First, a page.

by SNEB member Ellen Schuster, MS
Food bank/school meal challenges, an update on FDA’s investigation of Lucky Charms complaints and more!
FOOD BANKS/SCHOOL MEAL CHALLENGES
Food banks struggle with multiple challenges: hard-to-find items, inflation, higher fuel costs, staff shortages, less money being donated (https://www.npr.org/2022/06/02/1101473558/demand-food-banks-inflation-supply-chain). Summer school meals: It’s estimated that 1 in 5 meal sites won’t open this summer as the school meals waiver expires (https://www.marketplace.org/2022/06/06/free-school-meal-program-will-expire-at-the-end-of-this-month/); administration eyes a way to provide funds to school meals as waivers expire (https://www.politico.com/news/2022/06/08/school-meal-pandemic-program-00038310).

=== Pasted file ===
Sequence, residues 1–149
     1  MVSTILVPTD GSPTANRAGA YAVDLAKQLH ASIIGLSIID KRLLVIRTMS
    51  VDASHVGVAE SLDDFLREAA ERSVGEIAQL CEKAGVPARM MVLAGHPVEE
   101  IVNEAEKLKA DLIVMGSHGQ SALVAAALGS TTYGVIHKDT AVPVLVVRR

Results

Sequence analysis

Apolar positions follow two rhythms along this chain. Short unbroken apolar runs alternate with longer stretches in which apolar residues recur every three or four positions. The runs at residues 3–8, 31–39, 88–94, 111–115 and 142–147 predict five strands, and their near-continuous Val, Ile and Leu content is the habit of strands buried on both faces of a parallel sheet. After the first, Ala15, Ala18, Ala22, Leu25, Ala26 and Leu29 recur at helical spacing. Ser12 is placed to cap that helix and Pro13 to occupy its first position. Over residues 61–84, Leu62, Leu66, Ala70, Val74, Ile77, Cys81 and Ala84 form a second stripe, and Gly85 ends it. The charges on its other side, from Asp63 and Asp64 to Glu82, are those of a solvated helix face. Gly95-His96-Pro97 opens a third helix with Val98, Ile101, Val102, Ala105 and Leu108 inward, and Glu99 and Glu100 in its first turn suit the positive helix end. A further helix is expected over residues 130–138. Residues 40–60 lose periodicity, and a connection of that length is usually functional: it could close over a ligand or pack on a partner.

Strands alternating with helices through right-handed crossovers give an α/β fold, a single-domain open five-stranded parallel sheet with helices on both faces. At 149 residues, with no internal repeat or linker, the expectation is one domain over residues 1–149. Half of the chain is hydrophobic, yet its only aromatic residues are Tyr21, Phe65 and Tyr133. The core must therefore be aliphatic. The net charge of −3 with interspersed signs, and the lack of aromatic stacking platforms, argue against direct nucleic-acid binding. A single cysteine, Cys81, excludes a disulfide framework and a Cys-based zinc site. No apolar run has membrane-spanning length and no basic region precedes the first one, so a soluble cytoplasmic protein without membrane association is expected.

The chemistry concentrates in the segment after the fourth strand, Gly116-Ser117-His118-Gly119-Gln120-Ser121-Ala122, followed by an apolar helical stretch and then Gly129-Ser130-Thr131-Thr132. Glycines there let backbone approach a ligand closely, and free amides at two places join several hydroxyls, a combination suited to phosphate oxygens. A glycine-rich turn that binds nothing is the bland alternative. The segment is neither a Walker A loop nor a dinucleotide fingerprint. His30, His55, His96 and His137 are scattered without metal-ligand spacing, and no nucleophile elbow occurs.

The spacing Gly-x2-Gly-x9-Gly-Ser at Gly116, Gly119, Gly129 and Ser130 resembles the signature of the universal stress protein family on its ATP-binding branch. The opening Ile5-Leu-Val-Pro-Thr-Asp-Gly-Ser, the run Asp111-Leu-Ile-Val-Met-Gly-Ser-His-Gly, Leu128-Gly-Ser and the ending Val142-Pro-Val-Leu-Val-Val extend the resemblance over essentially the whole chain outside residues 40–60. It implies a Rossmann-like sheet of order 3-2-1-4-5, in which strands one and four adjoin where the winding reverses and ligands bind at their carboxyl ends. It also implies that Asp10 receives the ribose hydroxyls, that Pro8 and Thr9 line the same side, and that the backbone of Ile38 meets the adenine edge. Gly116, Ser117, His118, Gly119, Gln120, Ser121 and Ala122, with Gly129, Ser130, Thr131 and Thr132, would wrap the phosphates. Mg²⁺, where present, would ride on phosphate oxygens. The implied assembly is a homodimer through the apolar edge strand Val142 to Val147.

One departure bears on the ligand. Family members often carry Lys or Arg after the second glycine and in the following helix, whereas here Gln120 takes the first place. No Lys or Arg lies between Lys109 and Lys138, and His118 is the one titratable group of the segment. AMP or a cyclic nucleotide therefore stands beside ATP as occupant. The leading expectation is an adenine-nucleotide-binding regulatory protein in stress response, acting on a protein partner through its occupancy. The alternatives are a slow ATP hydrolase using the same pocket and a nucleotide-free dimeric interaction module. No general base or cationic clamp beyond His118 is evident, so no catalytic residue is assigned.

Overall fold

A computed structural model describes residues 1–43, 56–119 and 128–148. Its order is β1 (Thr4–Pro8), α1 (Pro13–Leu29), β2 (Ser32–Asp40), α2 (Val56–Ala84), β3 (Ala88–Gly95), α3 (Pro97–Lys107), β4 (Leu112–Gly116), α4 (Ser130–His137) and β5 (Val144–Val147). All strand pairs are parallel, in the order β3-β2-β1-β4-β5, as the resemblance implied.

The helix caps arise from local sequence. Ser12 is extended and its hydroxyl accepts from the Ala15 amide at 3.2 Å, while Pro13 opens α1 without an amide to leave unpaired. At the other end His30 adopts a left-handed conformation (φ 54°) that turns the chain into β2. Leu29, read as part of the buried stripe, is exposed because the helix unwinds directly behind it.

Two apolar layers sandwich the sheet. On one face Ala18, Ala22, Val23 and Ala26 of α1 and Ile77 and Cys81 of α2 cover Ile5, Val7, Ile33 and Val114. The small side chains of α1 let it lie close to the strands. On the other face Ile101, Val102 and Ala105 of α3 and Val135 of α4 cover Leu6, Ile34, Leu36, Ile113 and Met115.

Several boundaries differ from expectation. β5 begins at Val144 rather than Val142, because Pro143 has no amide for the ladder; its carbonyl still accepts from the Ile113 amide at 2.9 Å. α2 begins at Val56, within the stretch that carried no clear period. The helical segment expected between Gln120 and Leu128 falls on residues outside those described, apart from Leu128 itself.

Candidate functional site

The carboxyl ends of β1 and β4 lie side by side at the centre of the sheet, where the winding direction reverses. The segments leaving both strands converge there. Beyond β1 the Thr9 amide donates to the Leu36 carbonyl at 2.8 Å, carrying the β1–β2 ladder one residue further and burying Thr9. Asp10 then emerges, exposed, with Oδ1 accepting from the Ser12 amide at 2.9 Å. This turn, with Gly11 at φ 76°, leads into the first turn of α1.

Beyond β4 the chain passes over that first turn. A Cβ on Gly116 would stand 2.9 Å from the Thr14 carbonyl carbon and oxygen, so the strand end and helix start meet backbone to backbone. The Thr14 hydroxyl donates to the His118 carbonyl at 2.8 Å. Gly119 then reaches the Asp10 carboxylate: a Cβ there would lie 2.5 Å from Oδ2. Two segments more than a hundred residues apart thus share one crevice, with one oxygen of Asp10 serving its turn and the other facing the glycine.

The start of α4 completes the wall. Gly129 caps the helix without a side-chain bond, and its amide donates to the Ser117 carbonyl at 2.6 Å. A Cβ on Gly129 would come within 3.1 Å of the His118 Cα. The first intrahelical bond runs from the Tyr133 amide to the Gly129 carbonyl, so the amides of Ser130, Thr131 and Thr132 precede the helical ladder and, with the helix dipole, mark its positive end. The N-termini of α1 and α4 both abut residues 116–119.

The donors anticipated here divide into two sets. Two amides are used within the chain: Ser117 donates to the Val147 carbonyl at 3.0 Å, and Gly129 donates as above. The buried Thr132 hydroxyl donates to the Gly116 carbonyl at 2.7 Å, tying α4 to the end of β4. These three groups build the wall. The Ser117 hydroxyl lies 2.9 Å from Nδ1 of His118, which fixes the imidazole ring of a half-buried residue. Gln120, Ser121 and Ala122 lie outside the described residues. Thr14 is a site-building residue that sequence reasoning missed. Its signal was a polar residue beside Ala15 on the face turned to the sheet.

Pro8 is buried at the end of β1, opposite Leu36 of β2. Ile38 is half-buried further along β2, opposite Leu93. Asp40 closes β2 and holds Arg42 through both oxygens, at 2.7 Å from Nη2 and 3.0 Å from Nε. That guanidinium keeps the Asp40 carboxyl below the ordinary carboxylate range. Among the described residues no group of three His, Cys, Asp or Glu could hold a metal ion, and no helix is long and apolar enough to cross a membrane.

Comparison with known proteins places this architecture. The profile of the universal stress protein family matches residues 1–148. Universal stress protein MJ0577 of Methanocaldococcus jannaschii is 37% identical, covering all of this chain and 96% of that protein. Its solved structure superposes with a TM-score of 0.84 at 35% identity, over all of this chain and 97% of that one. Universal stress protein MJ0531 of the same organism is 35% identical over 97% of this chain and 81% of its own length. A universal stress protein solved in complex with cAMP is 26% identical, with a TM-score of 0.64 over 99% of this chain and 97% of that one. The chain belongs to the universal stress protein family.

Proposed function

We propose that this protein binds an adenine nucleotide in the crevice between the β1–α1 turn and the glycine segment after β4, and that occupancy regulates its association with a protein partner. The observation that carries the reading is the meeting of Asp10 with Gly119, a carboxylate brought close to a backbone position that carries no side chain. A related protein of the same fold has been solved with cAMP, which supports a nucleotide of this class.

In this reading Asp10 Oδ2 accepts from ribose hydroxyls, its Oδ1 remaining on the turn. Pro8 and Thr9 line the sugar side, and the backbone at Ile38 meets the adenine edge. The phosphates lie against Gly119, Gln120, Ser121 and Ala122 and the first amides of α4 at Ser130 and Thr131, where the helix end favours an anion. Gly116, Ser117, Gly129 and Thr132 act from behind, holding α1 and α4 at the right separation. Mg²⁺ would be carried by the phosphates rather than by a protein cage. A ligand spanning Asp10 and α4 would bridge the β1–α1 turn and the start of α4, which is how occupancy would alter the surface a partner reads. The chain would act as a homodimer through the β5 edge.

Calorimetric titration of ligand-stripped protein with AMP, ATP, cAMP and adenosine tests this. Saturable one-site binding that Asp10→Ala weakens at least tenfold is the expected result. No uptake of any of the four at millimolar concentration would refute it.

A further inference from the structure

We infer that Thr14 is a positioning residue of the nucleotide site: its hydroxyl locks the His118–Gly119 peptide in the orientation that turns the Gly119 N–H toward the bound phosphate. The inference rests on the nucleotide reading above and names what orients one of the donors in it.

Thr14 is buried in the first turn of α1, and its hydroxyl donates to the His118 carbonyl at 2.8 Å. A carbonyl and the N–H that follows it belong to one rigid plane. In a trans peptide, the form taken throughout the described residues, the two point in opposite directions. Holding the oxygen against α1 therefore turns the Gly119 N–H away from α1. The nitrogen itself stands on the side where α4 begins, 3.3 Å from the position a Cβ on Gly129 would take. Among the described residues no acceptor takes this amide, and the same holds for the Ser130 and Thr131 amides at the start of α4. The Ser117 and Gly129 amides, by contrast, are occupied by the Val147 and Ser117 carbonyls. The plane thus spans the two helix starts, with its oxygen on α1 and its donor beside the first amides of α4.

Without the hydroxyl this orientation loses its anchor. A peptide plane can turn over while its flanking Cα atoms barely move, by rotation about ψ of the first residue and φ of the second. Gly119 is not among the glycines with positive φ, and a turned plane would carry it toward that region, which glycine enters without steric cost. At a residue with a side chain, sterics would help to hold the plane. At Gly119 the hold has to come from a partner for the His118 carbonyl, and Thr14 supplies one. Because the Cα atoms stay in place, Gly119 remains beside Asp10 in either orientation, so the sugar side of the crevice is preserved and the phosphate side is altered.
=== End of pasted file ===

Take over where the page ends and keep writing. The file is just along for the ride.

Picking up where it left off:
Update on Lucky Charms complaints: FDA website lists Reference #1064 as their Lucky Charms investigation continues (https://www.fda.gov/food/outbreaks-foodborne-illness/investigations-foodborne-illness-outbreaks). The June 1, 2022 podcast episode of Food Safety Talk has 2 food safety specialists discussing – at about 76 minutes into the episode – whether the ‘iwaspoisoned.com’ crowdsourcing website collecting consumer illness complaints after eating Lucky Charms is to be considered data that should inform the investigation (Hint: yes.) and the May 24, 2022 podcast episode – at 15 minutes into the episode – where they share one hypothesis of a cause of the complaints suggested by a North Carolina State University professor – a pandemic supply chain ingredient substitution, possibly an additive (the link to the NYPost article is in the listen notes). They review what we know at this point in time (https://www.listennotes.com/podcasts/food-safety-talk/food-safety-talk-263-faraday-atSyhYf0_HD/); (https://www.listennotes.com/podcasts/food-safety-talk/food-safety-talk-262-settle-nej_KSO1xIF/). How long does it take for food to be recalled?: A new report provides insights…a survey of the 50 of the largest grocery retailers found that 1/2 alert shoppers via text, phone call, email within 24 hours of being alerted by suppliers of a food recall; 1/3 post info on the web or social media platforms. In comparison, it may take the FDA up to one week to inform the public (https://www.tastingtable.com/876463/new-report-reveals-how-long-it-takes-for-food-to-be-recalled/); the news release on the report (https://uspirg.org/news/usf/new-report-food-thought-are-your-groceries-safe); the 20-page report (https://uspirg.org/sites/pirg/files/reports/FOOD%20REPORT%20WED%2010PM.pdf). Are QR codes preferred to expiration dates?: New Cornell research suggests that QR codes on food packages may be preferred to expiration dates (https://science.slashdot.org/story/22/06/01/2142258/consumers-embrace-milk-carton-qr-codes-may-cut-food-waste).